October 29, 2003
The real free agents
Over the next few months, most of the biggest stories in baseball will involve players switching teams, either by trades or through free agency.
Starting next week, I will take a look at this off-season's free agent crop and give my thoughts on who the top guys are, who the underrated guys are, who the overrated guys are, and who the potential bargains are.
But before I do that, I thought it might be interesting to take a look at a different group of free agents - the six-year minor league free agents.
There are no big names on this list and none of these guys will be signing any multi-million-dollar deals anytime soon, but there are some players that can help teams, and these guys are essentially available for next-to-nothing, to whichever teams are interested.
A six-year free agent is someone who was signed at least six years ago and is not currently on a team's major league 40-man roster. Freed because of baseball's "six-year renewal plan," these guys were all granted free agency on October 15th and are free to sign with any team.
According to Baseball America, there are 588 six-year free agents this off-season. An interesting exercise might be to make a team out of this large group of players, but in reality that team would be pretty awful.
These guys are essentially what everyone is talking about when they bring up "replacement-level players." Some of the position-players can play a little defense, some of them can hit a little and some of them can run. There aren't many of them who can do all three, and probably only a few who can do two out of three. Some of the pitchers can strike guys out and some of them have good control, but you won't find many guys who can do both, and you'll find even fewer who can do both and have not had some serious arm injuries in the past.
This is the scrap heap. Any team that wants any of these guys can just call them up, make a little pitch to them, offer them a few bucks, and make them a promise about a spot in Triple-A or an invite to spring training. And, just like that, you've added a new player to the organization.
I was discussing this group of players with my good buddy Craig Burley (of Batter's Box and Baseball Primer fame) and I think he put it best, saying that this group contains the guys you would get to pick from if you were just awarded an expansion team and a stadium, but you didn't have any minor league players, draft picks or money. Just a GM, some coaches, a team logo and a place to play the games.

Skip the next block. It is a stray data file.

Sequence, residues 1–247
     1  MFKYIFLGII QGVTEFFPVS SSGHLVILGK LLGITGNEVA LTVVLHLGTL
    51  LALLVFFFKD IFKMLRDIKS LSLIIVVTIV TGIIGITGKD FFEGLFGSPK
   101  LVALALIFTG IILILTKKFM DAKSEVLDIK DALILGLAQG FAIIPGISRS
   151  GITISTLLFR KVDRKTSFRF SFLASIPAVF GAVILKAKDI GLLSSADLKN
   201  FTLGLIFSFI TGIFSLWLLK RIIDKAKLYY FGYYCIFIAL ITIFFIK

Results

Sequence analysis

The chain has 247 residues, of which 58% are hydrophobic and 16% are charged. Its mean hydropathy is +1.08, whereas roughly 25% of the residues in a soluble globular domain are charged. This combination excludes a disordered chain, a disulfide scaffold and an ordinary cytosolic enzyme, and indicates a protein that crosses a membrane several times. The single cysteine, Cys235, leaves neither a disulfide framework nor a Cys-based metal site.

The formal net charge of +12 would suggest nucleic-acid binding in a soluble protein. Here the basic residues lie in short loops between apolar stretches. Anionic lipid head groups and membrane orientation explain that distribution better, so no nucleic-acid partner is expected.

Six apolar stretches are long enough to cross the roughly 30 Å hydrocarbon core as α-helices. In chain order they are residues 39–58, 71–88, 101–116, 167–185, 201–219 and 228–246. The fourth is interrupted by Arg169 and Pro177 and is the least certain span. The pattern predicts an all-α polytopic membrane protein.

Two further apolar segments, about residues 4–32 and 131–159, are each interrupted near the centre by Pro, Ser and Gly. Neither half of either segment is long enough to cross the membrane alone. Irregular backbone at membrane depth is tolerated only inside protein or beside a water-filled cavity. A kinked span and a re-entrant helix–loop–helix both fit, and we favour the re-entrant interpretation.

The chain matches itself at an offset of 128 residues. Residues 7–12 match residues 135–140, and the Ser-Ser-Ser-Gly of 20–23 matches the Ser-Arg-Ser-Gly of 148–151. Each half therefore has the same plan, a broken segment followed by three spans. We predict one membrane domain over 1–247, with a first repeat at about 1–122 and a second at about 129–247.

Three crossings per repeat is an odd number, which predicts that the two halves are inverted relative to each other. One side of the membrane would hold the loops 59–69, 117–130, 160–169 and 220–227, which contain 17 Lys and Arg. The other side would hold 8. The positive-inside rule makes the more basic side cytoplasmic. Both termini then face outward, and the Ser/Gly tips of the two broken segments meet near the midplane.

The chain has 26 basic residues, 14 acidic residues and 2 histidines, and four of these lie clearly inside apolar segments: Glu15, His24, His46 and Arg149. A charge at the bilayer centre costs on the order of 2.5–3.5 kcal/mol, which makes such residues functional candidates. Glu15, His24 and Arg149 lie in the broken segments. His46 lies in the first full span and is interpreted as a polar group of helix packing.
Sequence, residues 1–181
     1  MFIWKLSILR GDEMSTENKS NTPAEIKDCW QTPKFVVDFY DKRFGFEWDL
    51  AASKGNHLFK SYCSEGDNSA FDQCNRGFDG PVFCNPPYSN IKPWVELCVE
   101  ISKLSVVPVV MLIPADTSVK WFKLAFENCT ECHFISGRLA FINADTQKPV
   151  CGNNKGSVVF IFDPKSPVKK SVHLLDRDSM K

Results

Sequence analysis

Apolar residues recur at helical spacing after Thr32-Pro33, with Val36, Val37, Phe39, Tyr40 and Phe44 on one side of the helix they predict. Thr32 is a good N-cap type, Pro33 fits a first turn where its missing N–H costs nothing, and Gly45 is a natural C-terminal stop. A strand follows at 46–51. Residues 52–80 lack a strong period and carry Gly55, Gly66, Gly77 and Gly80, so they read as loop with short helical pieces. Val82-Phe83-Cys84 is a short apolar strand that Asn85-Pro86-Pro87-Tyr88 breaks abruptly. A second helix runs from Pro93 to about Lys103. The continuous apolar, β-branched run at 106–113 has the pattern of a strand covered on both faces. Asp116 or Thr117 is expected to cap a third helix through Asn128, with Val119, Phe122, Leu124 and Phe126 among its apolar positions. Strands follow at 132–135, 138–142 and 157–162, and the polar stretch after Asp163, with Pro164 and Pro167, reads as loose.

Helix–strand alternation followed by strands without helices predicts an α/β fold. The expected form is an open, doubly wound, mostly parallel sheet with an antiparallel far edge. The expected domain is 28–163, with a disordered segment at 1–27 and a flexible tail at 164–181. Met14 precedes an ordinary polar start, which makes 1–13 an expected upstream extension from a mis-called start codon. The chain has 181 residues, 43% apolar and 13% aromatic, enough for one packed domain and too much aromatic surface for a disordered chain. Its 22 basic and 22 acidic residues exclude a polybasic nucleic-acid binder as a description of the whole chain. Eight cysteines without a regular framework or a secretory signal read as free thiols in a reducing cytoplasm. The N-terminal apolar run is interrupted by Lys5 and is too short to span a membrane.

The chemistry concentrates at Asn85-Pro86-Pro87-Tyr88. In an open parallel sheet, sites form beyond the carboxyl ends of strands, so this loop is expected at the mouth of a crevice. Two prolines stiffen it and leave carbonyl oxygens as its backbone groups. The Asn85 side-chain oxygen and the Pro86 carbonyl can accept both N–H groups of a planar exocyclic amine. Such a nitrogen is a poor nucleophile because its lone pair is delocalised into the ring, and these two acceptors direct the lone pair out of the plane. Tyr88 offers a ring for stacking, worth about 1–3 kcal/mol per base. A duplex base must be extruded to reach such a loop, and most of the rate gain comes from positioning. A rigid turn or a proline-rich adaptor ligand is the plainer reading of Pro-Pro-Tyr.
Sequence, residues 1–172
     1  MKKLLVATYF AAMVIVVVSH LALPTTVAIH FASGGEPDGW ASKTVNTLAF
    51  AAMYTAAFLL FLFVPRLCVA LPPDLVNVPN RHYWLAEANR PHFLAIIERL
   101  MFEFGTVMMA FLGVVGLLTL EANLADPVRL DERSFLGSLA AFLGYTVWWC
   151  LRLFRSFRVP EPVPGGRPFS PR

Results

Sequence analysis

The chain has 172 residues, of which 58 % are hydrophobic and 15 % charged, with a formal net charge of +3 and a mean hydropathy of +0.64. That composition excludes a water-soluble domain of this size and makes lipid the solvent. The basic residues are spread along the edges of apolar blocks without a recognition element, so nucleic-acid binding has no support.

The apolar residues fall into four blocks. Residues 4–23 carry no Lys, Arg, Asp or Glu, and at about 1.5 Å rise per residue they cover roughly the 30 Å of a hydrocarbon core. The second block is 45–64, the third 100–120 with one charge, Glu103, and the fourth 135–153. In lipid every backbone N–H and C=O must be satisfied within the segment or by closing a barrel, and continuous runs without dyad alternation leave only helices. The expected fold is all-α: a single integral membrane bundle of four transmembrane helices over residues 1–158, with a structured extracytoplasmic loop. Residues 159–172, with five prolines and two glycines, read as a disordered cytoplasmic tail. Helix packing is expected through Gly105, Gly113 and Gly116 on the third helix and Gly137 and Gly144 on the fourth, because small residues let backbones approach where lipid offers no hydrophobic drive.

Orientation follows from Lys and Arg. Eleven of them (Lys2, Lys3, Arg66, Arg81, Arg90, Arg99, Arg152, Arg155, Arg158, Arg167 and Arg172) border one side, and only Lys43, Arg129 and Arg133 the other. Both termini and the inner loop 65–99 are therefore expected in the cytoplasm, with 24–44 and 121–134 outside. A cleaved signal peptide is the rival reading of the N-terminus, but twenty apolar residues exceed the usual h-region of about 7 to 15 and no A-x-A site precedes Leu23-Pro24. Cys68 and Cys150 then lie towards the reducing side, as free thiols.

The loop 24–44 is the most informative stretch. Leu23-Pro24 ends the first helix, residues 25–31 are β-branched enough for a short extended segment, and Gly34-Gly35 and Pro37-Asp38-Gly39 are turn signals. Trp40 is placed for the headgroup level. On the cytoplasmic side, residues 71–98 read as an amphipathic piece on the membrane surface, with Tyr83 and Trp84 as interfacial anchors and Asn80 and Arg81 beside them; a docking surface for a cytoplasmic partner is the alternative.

If you tried to build a team from the 588 available guys, you'd end up with...well, you'd end up with the Detroit Tigers, I guess. And really, who wants to do that, even just for fun?
Instead, I'm going to take a look at some of the more interesting names in the group and try to find a few diamonds in the rough that might be able to actually help a major league ballclub.
There were plenty of six-year free agents from last off-season that helped major league teams this year.
- Jeremi Gonzalez: 156.1 IP with a 3.91 ERA for Tampa Bay
- Luis Ayala: 10-3 with a 2.92 ERA in 71 IP for Montreal
- Josh Towers: 8-1 with a 4.48 ERA in 64.1 IP for Toronto
- Tommy Phelps: 63 IP with a 4.00 ERA for Florida
- Amaury Telemaco: 45.1 IP with a 3.97 ERA for Philadelphia
- Brian Shouse: 61 IP with a 3.10 ERA for Texas
- Dan Wheeler: 51 IP with a 3.71 ERA for New York
- Adam Melhuse: .299/.372/.584 in 40 Gs for Oakland
- Warren Morris: .272/.316/.373 in 377 PAs for Detroit
- Billy McMillon: .268/.354/.458 in 175 PAs for Oakland
- Ryan Freel: .285/.344/.431 in 153 PAs for Cincinnati
- Joe Vitiello: .342/.407/.539 in 38 Gs for Montreal
- Brooks Kieschnick had one of the more interesting seasons in baseball. The former top hitting prospect made the switch to the pitching mound and spent the year as a relief-pitcher/pinch-hitter for the Brewers. As a pitcher, Kieschnick went 1-1 with a 5.26 ERA in 53 innings, posting a solid 39/13 strikeout/walk ratio. As a hitter, he was awesome, hitting .300/.355/.614 with 7 homers in 70 at bats.
There may not be any stars on this list, but as you can see, if you need some cheap bullpen help, a decent innings-eater at the back of the rotation, or a couple of reasonably priced backup position-players, there are lots of good players to choose from.
So, let's take a look at some intriguing names from this year's list...
Morgan Burkhart is one of my favorite players that 99% of baseball fans have probably never heard of. He spent 1995-1998 playing in the independent Frontier League. In those four seasons, he hit .330, .357, .323 and .404. That final year, when he hit .404, Burkhart smacked 36 homers and 16 doubles in just 80 games, and had a .854 slugging percentage.
The Red Sox took notice and signed him. Burkhart started in Single-A, where he hit .363 with a .718 slugging percentage in 68 games. He then moved on to Double-A, where he hit just .230, but posted a relatively decent .448 slugging percentage, with 12 homers and 14 doubles in 66 games.
Burkhart started 2000 in Triple-A, slugged .504 in 105 games there, and eventually played in 25 games with the Red Sox, hitting a very impressive .288/.442/.493. It was back to Triple-A in 2001, with a little cup-of-coffee with Boston later in the year.
Burkhart resurfaced this past season playing for Kansas City's Triple-A team. He hit just .251/.364/.432 in 104 games and managed to get into six games with the Royals.